The Absolute Beginner
Fishing The Dry Fly
For many fly fishers, the ultimate is matching the hatch with dry flies on streams
and rivers. But many beginners find dry fly fishing a bit intimidating. They shouldn't.
For, while fishing dry flies might be more demanding then swinging a streamer or wet
fly across and downstream, it's not that much more difficult - and it's certainly not as
demanding as some methods of nymph fishing. For instance, you can see the fly,
so you can always tell whether or not you have the appropriate presentation, and
there is never any doubt when a fish takes it. There are really only two things to
master: accurate presentation and positive line control once the fly is on the water,
and the basics of these are not particularly difficult.
Rod length is a matter of personal preference, but it should have a stiff action.
Most modern graphite models fit the bill nicely. Line weight should be appropriate
to the size of the water, fish and flies. It's best to avoid ultra-light outfits (4wt and
under) until you've got a couple of seasons under your belt. Weight forward lines
will facilitate turn-over, helping you drop a bushy fly with a straight leader, especially
when you're casting into the wind. Double taper lines don't deliver as much punch,
but they'll help you deliver the fly more delicately. Selecting or building a leader with
a stiff butt and limp tippet will augment this. Some manufacturers offer tapered
leaders labeled "dry fly." These are a safe choice.
Flies and matching the hatch
When you're just starting out as a fly fly fisher, it's best not to become too preoccupied
with matching the hatch precisely. While you will undoubtedly encounter selective fish
(especially on heavily-fished waters), much of the time it's how you present the fly
which counts. Instead of carrying dozens of precise imitations of the natural insects,
you're better off using impressionistic patterns. There are a number of tried and
tested patterns which will serve you well in most situations. Just make sure you have
both upwing styles to imitate mayflies and downwing styles to imitate caddis and
stoneflies. All you have to do is choose one which approximates the size and shape
of what is hatching. While there will be times when you'll be frustrated by fastidiously
selective fish, these times wil usually be few.
The kind of water you fish can affect selectivity. You'll find that the fish in fast, broken
water will tend to be far less picky then those in smooth water, as the former have
little time to inspect flies closely as they're swept downstream.
The following is a selction of dry flies which should serve you
well almost anywhere in the country:
Hair wing caddis 12-18
Fishing the Rise
Dry fly fishing is at its best when fish are actively feeding on the surface or in the
surface film. The technique is basically simple - you have to place your fly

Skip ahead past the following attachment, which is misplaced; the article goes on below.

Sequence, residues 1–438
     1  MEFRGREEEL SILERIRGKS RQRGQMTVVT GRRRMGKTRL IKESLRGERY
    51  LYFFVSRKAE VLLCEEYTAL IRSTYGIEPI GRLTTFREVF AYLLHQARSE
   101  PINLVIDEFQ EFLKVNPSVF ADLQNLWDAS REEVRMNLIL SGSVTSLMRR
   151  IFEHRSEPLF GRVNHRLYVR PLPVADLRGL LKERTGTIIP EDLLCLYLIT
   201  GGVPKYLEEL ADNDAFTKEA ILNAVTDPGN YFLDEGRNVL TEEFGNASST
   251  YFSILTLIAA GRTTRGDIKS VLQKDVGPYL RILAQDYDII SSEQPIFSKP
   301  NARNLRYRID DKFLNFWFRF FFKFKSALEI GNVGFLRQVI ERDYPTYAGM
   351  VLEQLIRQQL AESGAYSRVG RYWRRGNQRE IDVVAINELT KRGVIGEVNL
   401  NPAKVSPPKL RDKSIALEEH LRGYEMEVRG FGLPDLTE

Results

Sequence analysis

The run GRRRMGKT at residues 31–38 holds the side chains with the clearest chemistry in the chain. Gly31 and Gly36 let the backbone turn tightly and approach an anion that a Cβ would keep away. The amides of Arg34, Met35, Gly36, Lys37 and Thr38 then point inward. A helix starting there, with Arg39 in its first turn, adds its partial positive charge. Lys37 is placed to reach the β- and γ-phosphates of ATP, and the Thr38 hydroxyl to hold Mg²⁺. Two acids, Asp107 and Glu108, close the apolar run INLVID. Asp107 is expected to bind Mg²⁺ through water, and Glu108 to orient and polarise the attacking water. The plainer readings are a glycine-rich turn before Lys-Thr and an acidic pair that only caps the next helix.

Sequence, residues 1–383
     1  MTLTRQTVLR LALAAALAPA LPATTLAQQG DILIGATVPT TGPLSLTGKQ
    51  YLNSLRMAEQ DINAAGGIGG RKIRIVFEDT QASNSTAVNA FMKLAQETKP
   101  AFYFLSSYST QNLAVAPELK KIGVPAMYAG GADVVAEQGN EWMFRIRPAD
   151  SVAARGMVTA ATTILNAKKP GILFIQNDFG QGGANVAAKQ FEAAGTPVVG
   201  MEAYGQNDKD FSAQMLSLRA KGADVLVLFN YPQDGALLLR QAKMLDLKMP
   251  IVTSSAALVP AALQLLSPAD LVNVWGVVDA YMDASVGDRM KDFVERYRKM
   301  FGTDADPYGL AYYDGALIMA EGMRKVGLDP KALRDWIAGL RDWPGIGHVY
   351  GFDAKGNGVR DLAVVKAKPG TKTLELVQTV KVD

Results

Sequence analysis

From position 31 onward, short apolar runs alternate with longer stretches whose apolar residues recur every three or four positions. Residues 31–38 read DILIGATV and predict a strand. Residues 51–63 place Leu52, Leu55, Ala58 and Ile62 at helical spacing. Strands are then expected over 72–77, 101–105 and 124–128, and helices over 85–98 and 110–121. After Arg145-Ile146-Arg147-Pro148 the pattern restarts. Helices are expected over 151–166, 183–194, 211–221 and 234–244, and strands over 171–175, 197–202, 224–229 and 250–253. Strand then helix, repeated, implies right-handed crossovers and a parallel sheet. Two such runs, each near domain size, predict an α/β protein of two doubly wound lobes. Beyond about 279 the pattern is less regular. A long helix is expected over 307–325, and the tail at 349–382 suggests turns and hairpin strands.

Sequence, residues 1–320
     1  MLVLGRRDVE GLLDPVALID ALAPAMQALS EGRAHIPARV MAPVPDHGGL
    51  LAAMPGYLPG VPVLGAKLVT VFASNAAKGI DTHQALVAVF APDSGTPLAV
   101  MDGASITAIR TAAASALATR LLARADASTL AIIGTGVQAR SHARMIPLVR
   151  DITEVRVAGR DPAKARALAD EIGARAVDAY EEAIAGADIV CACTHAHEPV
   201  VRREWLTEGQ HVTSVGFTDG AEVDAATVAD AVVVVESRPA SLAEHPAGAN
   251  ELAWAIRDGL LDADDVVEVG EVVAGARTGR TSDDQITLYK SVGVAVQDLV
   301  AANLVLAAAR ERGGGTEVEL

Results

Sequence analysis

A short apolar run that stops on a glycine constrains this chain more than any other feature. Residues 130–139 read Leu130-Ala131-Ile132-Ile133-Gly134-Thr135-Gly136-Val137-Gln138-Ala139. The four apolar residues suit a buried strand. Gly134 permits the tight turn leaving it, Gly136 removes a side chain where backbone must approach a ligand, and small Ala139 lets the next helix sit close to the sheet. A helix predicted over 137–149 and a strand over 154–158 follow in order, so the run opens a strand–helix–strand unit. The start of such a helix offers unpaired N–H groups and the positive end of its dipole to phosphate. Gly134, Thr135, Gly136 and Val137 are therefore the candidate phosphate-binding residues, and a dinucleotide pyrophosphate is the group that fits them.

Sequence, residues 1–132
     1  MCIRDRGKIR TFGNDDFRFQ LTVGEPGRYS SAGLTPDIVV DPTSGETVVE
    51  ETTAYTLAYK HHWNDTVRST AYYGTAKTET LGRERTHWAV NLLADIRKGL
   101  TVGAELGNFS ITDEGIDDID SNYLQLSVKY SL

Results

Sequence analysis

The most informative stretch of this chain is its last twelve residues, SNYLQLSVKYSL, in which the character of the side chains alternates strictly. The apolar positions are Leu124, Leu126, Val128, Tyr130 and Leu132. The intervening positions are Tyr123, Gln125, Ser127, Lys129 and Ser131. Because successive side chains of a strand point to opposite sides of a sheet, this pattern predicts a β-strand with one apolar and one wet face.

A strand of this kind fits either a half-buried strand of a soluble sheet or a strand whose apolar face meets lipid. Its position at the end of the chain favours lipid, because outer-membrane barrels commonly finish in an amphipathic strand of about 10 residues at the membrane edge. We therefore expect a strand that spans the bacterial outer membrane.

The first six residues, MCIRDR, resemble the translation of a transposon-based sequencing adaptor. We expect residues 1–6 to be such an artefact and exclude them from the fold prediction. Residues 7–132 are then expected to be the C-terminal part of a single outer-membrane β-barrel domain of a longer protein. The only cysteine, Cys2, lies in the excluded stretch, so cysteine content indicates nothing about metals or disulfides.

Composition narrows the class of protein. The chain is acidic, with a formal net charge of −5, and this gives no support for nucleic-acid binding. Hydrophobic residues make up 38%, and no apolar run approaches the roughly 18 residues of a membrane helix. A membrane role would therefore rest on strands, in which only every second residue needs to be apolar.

upstream of a feeding fish and manipulate the line so that the fly will drift naturally
over the spot where the fish is rising.
There are two main things to focus on: how the line, leader, and fly land on the water;
and how you control these as the fly drifts downstream. This is what we call
"presentation." Presentation has three purposes - to avoid spooking the fish, to
ensure the optimum natural drift of the fly, and to enable positive hook set.
Fish can be spooked by the line, leader or fly hitting the water too heavily. They
can also be spooked by the line drifting over them ahead of the fly, or if the
leader and fly are bunched up in a messy coil. The key to avoiding this lies in
accurate, controlled casting, so that the line does not fall or drift over where
the fish is lying and the leader turns over cleanly to land straight.
Casting is also part of the answer to getting a natural drift - that is, an artificial
fly which floats downstream just like the natural insects are doing. Most of the
time, this means a dead drift, but sometimes, when naturals are struggling or
being wind-blown on the surface, a twitched or skated artificial is needed. Getting
a dead drift involves laying the line and leader on the water with enough slack and
the appropriate configuration so that the current does not pull on it, dragging the
Fishing the Water
There'll be times when you'll find there are no fish rising. However, this doesn't mean
you have to abandon the dry fly, for you can "fish the water" by casting to places where
there could be a holding fish. Look for the usual hot spots: the edges of inflows to
pools; alongside logs, rocks, and undercuts in riffles and runs; and pockets in riffles.
Just imagine that you've seen a rise there and drop your fly a couple of feet above it.
You'll find that impressionistic attractor flies work particularly well in this situation.
Upstream or downstream?
It's almost always best to use the classic upstream approach when fishing dry flies - not
so much for tradition's sake, but because this is the best way to approach fish unseen
and to get a natural drift of the fly. However, it's more demanding in terms of line
control than swinging a wet fly downstream, for you have to take in the slack line
as it drifts back to you. If you don't, you'll lost contact with the fly, which makes
setting the hook almost impossible. What you have to do is take in the slack with the
line hand, at just the right rate to stay in contact with the fly without dragging it.
An angled cast across and upstream is usually better than a direct upstream cast, as
this makes it easier to avoid putting the line over the fish and minimises the need to
take in slack line.
At times you'll find fish rising in places where you have to cast downstream. In this
case, make a slack cast so that the fly drifts naturally as the current straightens out
This might seem complicated, but after a few self-analytical session on the water,
you'll soon get the hang of it.